Do your kids wiggle? Maybe your older kids get fidgety. Sometimes, this need to move can decrease our students focus and limit their attention span. I’ve heard some say, “My child doesn’t sit well, so I need a curriculum where he doesn’t have to sit.” Well, it’s true that we, as homeschoolers, can modify our curriculum and teaching methodologies to include a lot of hands-on lessons and minimize ‘sitting time,’ and that may work for a while, but we have to look ahead. One of our long-term educational goals is to prepare our students to be successful in college, where lecture and teacher-led demonstrations are still the most common form of teaching. So, working on creating good learning habits now, how do we rein their wiggles in to help increase their attention span and ability to focus?
Using Wiggles to Enforce Learning
As I mentioned above, we have the ability to adapt our teaching methodologies to the needs of our students. We can incorporate a kinesthetic aspect to our lesson to provide an appropriate outlet for their need to move. Use the movement to increase engagement and show learning:
- Place answers across the room. When you ask a question, the student has to run (or hop, skip, etc.) across the room and bring back the correct answer.
- Place answers on floor. When you ask a question, the student must jump on the right one. This one is great for identification of letters, numbers, colors, animals, etc.
- Have student perform a pre-determined motion when he knows the answer or when you read a series of right/wrong answers. For example, he may touch his nose when you get to the right answer.
- There is no way to list all the ways to incorporate moment into your lesson. Get creative!
Not only does kinesthetics help increase our student’s engagement and attention, it has been proven to help with retention as well. Double bonus.
We can also incorporate a sensory aspect to our lessons. This can not only increase engagement and show learning but also help regulate the sensory needs of our students. I suggest using calming sensory activities such as the following:
- Drawing or writing in flour, sand, or cornmeal
- Using Play-doh or clay to shape letters, numbers, etc.
- Using scented markers
- Again, there are so many ways to make the lesson appeal to our senses.
Concurrent Learning and Wiggling
Sometimes, we can provide a way for students to wiggle during a lesson. They may be more able to focus their mind if their hands (or feet…) are moving. For example, ZooKid had a hard time listening to chapter books. He would get distracted by everything, and I had to constantly redirect him to ‘settle down.’ Eventually, I started giving him ‘mindless’ hand-on activities (coloring, doodling, cutting, etc.) while we read. This kept his hands busy, but more importantly, he paid more attention to the story, and his auditory comprehension increased dramatically.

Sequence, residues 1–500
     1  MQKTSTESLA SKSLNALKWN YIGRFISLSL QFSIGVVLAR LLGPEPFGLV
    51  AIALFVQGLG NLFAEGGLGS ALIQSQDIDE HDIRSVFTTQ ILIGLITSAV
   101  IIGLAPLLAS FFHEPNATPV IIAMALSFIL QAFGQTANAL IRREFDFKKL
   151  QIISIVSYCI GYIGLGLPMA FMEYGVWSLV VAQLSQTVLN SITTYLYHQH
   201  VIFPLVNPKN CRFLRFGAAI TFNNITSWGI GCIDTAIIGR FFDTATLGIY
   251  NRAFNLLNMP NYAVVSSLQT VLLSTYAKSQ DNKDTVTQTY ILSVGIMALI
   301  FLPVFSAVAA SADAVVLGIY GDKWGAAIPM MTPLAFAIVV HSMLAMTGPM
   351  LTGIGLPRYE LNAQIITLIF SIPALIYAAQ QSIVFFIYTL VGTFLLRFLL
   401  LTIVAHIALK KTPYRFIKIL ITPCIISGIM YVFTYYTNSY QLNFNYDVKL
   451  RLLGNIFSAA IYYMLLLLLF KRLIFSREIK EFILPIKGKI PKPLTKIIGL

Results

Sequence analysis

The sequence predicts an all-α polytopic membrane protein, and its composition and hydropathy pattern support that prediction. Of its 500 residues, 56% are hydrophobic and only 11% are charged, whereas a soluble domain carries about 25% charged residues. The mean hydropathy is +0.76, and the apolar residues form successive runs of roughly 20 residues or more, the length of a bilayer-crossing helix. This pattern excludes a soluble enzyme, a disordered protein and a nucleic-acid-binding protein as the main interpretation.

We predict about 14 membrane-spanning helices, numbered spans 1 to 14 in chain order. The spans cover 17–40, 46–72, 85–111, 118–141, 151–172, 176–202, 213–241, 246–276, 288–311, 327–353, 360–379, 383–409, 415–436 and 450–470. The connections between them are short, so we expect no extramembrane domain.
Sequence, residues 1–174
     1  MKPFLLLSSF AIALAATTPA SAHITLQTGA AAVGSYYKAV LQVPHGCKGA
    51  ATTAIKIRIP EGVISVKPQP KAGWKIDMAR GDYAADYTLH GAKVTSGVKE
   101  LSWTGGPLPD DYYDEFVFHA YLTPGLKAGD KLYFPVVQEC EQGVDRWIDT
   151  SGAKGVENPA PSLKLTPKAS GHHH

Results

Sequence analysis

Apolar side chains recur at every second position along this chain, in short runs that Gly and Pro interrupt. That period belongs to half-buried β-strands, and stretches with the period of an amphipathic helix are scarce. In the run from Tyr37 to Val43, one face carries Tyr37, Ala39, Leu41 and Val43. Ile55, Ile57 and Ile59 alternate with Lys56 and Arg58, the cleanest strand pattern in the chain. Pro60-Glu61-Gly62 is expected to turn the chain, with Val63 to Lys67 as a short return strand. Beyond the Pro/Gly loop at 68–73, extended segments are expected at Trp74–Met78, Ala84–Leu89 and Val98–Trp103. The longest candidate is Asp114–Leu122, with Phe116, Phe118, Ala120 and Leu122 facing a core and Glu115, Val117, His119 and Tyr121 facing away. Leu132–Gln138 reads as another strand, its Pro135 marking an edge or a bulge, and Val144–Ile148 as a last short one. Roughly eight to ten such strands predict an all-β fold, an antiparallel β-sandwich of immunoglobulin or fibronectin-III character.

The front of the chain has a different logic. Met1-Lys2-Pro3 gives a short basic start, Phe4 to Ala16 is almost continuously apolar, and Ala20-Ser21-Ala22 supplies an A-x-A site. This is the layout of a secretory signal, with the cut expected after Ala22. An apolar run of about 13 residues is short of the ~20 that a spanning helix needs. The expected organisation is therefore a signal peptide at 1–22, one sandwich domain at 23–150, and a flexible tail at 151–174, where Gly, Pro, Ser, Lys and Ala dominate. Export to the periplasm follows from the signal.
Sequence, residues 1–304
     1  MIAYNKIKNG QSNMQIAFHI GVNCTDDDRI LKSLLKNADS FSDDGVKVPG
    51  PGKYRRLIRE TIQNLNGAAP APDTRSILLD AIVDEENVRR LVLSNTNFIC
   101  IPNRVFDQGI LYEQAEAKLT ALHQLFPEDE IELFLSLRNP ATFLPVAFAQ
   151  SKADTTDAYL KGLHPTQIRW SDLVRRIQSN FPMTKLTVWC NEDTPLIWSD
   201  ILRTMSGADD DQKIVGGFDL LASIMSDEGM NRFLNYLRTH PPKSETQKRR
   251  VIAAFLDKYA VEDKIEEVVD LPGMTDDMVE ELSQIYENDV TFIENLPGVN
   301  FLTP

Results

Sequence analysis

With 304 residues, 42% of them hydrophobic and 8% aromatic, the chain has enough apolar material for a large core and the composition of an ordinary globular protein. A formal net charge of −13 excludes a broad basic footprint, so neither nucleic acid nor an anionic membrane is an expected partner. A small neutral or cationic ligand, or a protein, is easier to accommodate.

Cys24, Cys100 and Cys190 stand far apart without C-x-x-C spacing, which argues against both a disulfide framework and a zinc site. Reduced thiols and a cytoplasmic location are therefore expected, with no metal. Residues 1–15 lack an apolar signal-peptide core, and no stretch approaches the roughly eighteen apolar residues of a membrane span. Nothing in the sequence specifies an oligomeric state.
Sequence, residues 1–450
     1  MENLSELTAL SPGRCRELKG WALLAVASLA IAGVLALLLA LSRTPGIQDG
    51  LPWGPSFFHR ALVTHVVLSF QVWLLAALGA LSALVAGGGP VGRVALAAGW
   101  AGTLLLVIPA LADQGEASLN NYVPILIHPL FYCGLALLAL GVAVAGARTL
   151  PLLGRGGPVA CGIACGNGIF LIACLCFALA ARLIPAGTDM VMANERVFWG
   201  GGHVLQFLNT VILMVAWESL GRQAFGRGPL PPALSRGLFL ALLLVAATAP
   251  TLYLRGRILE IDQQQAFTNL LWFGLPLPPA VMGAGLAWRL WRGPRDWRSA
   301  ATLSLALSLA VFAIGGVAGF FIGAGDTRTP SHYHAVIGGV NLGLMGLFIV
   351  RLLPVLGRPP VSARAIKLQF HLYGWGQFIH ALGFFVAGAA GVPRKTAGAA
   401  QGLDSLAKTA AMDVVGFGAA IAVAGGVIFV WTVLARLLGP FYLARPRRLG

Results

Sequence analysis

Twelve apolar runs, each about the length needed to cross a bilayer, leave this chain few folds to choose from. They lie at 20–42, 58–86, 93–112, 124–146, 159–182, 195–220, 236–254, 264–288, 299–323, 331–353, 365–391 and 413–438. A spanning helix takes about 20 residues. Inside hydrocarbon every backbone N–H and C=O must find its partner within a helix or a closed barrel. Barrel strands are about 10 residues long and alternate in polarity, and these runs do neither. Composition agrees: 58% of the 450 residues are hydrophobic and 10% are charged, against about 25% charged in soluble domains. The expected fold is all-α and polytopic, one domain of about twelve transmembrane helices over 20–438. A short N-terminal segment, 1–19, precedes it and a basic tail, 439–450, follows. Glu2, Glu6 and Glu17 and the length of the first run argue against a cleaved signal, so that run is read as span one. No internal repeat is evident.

There are other ways to allow movement during lesson time. If you have a full body wiggler, you may try using a large exercise ball instead of a chair. Students can bounce or roll (gently 🙂 ), getting the movement and sensory input they need in an appropriate way that allows continuous learning. If you have a leg-swinger, try tying an exercise band around the legs of the chair for them to hook their feet around. This gives the same results as the ball chair (and limits their foot swing, so they don’t kick other students (or you) under the table). Using a fidget toy (a small sensory item that one hand can pinch or squeeze) or lap pillow (a small pillow –usually weighted– with buttons, string, different materials, etc. to fidget with) can also provide an appropriate way to dispel the wiggles during lesson time. Students can also write with one hand and fidget with the other.
Note: If the object is not helping to increase your student’s attention and is, in fact, distracting them, try a different strategy.
Another way to make sure our student expends their wiggles appropriately is to use their schedule:
- Build movement or sensory time right into their schedule. For example: Calendar, Bible, Morning Exercises, Literacy, Play-Doh, Math, Bike, Science, Recess….and so on.
- Use the arrangement of lessons as reinforcement: “First complete the math assignment, then we can go on a little bike ride.”
- Use the last 5 minutes of each lesson for a sensory bucket/movement exercise. You can change out the contents occasionally to keep it from getting boring.
- Use ‘take a break’ cards. Give your student a certain amount of tokens that they can ‘cash in’ whenever they want throughout the day when they need it. You can have a limited array of movement/sensory choices they can choose from. I suggest 1-5 minutes max for these. We use Kathy’s free downloadable Brain Break Cards. ZooKid gets 3 cards and Princess Super Kitty gets 4 ‘take a break’ cards at the beginning of the day. They can expend them whenever they want, but once they are gone, they are gone. I recently made a sensory bucket. So, now they can choose a Brain Break Card or 3 minutes with the sensory bucket.
You may start using just a few of these strategies or all these strategies at once. It really depends on the needs of your student. Eventually, though, you should be able to slowly fade some of them away as your student’s ability to focus increases. Some of these strategies may even be used into high school.
What have you done to help rein in the wiggles? I’d love to hear about it. Comment below.
Till Next Time,